Transcription – what our clients say
Writing compelling minutes or converting speeches into reliable texts is no easy task. The speech-to-text technologies available on the market today can be of great help, but they do not include the post-processing by professional linguists offered by the Translation Centre, which launched its comprehensive transcription service last year. We have asked some of our clients to share their first impressions with us.
‘We are very happy to be able to make use of this service’, said Thierry Fontenelle, Head of the Linguistic Services Division at the European Investment Bank (EIB). His organisation recently asked the Centre to transcribe a highly confidential 5-hour meeting that could not be handled in-house. He explained that ‘the fact that the CdT uses automatic speech recognition technology to speed up the transcription process, together with human intervention and revision to correct the inevitable mistakes (…), allowed [his division] to provide colleagues with what they needed within a reasonable time frame’.
As Thierry Fontenelle explains, the added value of the Centre’s transcription service is the post-processing phase carried out by its professional linguists. When they review the raw transcripts, they not only edit the texts, but also add crucial information like speaker identification, and correct acronyms and names that the system could not detect.
The European Union Agency for Fundamental Rights (FRA), which is based in Vienna, has also used the Centre’s transcription service. ‘We were looking for a solution to transcribe the Director’s recorded speeches into texts to be published online’, said Nicole Romain, Head of the Communications and Events Unit, explaining that this had been done in house but was not an effective solution.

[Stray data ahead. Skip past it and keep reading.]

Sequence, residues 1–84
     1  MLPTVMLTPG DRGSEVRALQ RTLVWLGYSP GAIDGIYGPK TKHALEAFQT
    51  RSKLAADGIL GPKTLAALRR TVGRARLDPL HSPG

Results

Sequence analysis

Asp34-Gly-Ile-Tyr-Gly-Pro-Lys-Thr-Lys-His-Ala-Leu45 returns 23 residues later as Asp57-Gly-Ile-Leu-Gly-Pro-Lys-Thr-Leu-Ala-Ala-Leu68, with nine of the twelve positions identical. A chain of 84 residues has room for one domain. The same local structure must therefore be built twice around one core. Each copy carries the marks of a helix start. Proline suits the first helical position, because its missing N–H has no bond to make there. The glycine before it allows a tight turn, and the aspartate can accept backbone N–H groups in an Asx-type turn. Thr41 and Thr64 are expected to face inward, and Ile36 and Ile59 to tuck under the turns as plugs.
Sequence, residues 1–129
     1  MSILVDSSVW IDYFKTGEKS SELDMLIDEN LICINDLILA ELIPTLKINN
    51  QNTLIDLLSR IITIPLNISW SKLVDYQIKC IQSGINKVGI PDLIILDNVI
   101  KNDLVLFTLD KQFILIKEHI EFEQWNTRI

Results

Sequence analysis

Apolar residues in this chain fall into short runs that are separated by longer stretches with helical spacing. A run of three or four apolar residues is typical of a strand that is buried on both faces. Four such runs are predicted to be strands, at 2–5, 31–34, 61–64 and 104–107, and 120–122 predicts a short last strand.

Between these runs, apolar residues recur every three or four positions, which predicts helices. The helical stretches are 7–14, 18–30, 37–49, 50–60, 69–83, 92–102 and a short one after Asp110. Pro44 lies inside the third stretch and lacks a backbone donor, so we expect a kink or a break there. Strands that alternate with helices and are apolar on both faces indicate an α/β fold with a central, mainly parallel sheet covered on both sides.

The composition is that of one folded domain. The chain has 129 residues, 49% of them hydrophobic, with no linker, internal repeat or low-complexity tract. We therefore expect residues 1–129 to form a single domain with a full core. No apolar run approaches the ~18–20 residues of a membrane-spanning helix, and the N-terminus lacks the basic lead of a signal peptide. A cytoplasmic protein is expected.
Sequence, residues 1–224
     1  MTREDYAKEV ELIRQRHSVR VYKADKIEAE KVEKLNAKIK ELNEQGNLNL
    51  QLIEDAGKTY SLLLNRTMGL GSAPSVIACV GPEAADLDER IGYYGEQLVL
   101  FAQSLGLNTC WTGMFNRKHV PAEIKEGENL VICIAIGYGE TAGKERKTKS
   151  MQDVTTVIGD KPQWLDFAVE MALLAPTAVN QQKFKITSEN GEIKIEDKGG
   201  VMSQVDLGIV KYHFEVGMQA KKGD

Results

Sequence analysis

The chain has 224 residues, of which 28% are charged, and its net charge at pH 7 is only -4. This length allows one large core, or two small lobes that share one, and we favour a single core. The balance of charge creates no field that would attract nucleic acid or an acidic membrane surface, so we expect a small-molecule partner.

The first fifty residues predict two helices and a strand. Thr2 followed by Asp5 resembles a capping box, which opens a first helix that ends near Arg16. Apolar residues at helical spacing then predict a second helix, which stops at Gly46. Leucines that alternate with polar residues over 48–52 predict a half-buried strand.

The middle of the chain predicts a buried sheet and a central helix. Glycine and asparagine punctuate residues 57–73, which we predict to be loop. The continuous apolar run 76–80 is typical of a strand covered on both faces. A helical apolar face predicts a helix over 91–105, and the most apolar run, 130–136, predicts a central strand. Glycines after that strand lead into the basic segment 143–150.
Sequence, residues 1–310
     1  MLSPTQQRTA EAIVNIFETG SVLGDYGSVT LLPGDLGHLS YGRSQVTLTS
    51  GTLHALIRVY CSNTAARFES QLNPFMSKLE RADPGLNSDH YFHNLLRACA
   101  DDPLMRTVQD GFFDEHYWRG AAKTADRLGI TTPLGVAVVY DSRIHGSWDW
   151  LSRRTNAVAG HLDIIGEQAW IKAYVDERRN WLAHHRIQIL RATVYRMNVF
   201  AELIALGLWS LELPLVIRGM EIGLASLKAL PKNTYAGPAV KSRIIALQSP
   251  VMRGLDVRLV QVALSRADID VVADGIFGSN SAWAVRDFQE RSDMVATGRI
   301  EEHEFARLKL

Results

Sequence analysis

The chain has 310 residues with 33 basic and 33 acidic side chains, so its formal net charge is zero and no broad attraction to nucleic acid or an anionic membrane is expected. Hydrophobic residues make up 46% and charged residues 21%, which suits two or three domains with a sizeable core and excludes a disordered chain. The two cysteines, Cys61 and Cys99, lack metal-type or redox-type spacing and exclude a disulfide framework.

Nicole Romain stressed that the transcription solution offered by the Centre was seamless, unlike other solutions available on the market. ‘Existing solutions are either web-based subscription services which pose procurement challenges or are software-based which need to be approved by our IT team’, they pointed out. There had been some initial concerns about the use of cloud-based technologies, so the EIB asked the Centre to provide them with a data protection impact assessment. Once this had been reviewed by their Personnel Directorate and Data Protection Officer, the EIB were satisfied that they could safely use the Centre’s transcription service.
The European Fisheries Control Agency (EFCA) located in Vigo (Spain) also uses the Centre’s transcription service to prepare the minutes of its administrative board meetings, as written records are required for such events.
Along with other EU agencies, we have also started using transcription ourselves for our day-to-day business. We produce transcripts to help draw up written records of our management board meetings. Having this extra resource on hand speeds up the drafting of the minutes and enhances accuracy. We have also recently used transcription to follow up on the workshop on multilingualism that we held with the European Ombudsman on 30 September (see our article).
Our experience is that the transcription service is a cost-effective solution that helps us to quickly process tasks which are otherwise time-consuming, and enables us to focus on our operational work.